Both nations being the two large trade giants respectively, look for a greater role in Asia and USA is seeking entry via the Indian Ocean for free access to Asia for trade and maximising political power. International politics is a ‘Chess Game’ which is fluid and complicated, reminding that there are no permanent friends or enemies in politics, local or international.

Strength of a nation

Today USA, India, Australia and Japan have formed the ‘QUAD’ as a group to compete with the common enemy –China, allowing the USA to utilise the reignited friendship to develop political ambitions and for trade and commerce purposes.

The visit of the US Secretary of State to Asia is for a multi-purpose assessment of political, business and goodwill missions with many plans and hopes with all nations visited. Visits during his trip to the other countries were without much controversy, except in Sri Lanka due to mass opposition to MCC, SOFA, ACSA agreements and due to public perceptions.

The strength of a nation is its firm and precise domestic and foreign policy. It is doubtful whether Sri Lanka is equipped and armed with this tool as before when Sri Lanka and India led the Non-Alignment Movement in the most exemplary way in the 1970s with firm political leadership.

Indian foreign policy and principles are static, aiming at promoting India. It raises the question, “Do we have a foreign policy founded on a Sri Lanka first basis when successive governments to date have taken different positions?”

The core principle of the Sri Lankan foreign policy has been the dictum of ‘friendly with all and angry with none’, based on principles of non-alignment and neutrality with a rational approach to external relations. “Were we truly non-aligned or neutral and did we conduct ourselves so - especially during the ‘Yahapalanaya’ regime when the Minister of Foreign Affairs took independent, arbitrary actions in dealing with international affairs outside the consent of the Executive and the Legislature?”

On the other hand non-alignment does not mean being silent and impartial alone. States must play a proactive role in dealing with the interests of the country they represent. Switzerland is impartial in its international affairs but does not belong to the Non-Aligned Movement or adhere to its principles.

Sri Lanka must have a firm, powerful, correct and coherent Sri Lanka centred foreign policy which will give strength, direction and acceptance, while acting swiftly and intelligently, with a proper policy framework.

Foreign policy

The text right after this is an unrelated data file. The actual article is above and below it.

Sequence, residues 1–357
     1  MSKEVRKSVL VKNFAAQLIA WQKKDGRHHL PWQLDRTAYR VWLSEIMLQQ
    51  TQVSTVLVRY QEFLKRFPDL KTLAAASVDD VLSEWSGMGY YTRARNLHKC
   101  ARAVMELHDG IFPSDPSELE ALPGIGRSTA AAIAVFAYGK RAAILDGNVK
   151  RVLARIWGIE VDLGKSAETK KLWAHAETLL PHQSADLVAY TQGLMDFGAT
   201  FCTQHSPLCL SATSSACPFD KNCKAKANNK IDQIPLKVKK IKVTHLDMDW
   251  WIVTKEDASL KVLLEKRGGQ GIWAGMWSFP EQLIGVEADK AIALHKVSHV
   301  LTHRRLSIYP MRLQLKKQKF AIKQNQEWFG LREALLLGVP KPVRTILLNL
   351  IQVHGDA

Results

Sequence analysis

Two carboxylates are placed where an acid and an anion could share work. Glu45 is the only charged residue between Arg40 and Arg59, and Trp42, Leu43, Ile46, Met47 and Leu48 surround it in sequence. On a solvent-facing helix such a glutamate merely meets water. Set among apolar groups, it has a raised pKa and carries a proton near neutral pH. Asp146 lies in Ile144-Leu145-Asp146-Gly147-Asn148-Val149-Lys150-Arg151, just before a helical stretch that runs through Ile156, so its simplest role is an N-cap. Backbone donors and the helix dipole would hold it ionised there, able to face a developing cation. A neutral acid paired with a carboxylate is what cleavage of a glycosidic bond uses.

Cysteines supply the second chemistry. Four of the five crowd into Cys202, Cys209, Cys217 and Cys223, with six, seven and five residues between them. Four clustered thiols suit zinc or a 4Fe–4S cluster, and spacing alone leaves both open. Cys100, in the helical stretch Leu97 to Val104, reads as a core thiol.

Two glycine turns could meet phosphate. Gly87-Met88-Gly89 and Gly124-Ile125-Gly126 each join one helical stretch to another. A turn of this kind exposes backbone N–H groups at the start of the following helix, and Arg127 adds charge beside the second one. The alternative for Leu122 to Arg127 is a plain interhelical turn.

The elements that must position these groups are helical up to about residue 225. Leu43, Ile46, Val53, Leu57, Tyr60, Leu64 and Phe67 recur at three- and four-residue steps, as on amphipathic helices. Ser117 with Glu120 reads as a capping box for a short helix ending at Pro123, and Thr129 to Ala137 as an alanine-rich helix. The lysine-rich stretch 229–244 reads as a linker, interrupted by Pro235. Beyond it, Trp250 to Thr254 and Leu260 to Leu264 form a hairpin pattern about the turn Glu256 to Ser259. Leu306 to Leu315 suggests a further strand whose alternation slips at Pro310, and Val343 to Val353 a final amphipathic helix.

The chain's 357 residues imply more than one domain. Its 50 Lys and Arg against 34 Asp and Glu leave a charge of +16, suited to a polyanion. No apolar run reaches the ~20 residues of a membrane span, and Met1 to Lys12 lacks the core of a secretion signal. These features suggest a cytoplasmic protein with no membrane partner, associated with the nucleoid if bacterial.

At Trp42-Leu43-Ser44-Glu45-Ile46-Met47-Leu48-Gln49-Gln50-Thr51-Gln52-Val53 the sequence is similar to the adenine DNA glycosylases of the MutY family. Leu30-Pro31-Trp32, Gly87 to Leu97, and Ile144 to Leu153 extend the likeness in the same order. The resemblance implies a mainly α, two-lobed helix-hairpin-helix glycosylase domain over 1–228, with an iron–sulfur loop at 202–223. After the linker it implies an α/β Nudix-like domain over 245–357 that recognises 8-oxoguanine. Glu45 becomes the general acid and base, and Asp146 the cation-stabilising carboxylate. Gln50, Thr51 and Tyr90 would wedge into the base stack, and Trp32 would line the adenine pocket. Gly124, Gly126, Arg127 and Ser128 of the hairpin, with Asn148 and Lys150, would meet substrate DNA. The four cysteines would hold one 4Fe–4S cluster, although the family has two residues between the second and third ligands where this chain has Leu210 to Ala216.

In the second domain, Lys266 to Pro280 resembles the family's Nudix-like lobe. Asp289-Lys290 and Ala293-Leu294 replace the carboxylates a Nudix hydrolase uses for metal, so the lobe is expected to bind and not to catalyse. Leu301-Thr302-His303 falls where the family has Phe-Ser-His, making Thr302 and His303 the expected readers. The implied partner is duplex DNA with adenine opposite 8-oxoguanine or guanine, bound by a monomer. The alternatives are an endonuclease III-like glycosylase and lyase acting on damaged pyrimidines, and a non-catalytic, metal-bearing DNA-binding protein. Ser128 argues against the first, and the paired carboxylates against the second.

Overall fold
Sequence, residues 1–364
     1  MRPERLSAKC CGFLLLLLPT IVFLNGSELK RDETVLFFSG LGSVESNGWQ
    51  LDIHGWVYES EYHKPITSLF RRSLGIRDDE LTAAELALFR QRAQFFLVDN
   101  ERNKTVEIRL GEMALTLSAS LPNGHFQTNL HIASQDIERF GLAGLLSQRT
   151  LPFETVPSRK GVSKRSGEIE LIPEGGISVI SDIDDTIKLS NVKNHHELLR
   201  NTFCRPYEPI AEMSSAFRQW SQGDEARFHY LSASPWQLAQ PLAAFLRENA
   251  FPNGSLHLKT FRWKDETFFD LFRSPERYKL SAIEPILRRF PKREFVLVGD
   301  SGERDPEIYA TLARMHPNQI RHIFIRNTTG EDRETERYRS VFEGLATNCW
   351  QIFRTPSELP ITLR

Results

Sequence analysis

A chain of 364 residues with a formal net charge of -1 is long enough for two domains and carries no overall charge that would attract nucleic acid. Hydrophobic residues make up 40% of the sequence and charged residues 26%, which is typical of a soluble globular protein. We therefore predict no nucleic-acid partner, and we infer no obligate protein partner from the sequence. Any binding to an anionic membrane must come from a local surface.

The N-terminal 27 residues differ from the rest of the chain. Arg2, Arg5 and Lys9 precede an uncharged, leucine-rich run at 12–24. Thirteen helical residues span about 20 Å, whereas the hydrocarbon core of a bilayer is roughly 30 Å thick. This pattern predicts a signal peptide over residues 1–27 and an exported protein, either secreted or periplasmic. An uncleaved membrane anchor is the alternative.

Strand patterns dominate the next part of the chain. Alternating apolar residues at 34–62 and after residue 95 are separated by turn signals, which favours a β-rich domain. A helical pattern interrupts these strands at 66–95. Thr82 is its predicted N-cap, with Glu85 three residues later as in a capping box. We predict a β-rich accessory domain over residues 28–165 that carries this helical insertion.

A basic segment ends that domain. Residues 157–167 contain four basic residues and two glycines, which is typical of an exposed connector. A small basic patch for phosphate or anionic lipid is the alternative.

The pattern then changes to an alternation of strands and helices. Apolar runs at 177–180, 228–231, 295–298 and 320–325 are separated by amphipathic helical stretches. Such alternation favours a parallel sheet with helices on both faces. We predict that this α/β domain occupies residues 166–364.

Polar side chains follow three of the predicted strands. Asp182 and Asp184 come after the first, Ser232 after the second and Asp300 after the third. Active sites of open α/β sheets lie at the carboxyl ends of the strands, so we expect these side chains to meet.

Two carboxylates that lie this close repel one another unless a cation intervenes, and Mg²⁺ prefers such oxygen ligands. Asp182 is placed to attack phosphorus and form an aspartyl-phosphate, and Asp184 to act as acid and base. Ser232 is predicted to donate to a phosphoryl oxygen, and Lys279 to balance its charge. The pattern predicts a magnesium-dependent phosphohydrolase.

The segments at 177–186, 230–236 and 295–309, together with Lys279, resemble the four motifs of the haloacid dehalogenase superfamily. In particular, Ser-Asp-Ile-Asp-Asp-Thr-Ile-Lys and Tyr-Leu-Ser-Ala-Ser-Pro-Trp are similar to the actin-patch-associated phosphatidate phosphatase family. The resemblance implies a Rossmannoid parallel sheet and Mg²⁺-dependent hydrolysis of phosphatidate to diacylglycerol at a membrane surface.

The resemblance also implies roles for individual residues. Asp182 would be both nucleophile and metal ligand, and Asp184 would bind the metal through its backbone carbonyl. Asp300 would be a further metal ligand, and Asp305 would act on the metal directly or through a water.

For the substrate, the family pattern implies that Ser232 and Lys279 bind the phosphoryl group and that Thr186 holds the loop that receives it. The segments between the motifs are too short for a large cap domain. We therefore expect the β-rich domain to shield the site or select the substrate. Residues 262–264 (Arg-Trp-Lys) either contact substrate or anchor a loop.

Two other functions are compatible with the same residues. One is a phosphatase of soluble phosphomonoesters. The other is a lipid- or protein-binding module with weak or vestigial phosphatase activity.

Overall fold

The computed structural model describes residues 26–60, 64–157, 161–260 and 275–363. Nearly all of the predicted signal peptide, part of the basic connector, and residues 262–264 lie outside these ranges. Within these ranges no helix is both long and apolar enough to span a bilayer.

A key condition for the practice of such a policy is the presence of an effective Foreign Minister, an efficient Foreign Secretary, a vibrant Foreign Ministry and an extremely able battery of Ambassadors and diplomatic staff working round the clock, giving priority to trade and image building.

Such a cadre should come under an Executive whose decisions solely reflect the needs and aspirations of the country in carving out a prominent role for itself in the progression of the Indian Ocean region. We fondly remember Madam Bandaranaike as Sri Lanka’s most effective Foreign Minister along with Lakshman Kadirgamar with great respect for their accomplishments.

There is renewed hope that Sri Lanka’s present leaders will learn from our past practice and glory, be active in foreign policy making and implementation of such directives which contribute to the success of all other areas in governance.

In our own experience, the need for a firm foreign policy holds the utmost relevance, as a former Ambassador now heading the Ambassadors Forum, the Forum’s Foreign Policy Perspectives publications have time and again stressed the need for a unified, consistent foreign policy. A policy that complements our national interests coupled with a national policy that seeks to utilise our external relations for internal growth.

Lord Buddha professed ‘He who lives by Dharma is protected by Dharma’ signifying that the Dharma (Teachings of the Buddha) preached by the Buddha is supreme and should be practised for success and protection. The individual or the nation will be protected by the Dharma they practice. In the same way if and when a nation has a firm and correct foreign policy in practice it will contribute to the protection, growth and the success of the nation.

Sarath Wijesinghe, PC is the President of the Ambassadors Forum and former Sri Lankan Ambassador to UAE and Israel and could be contacted at [email protected]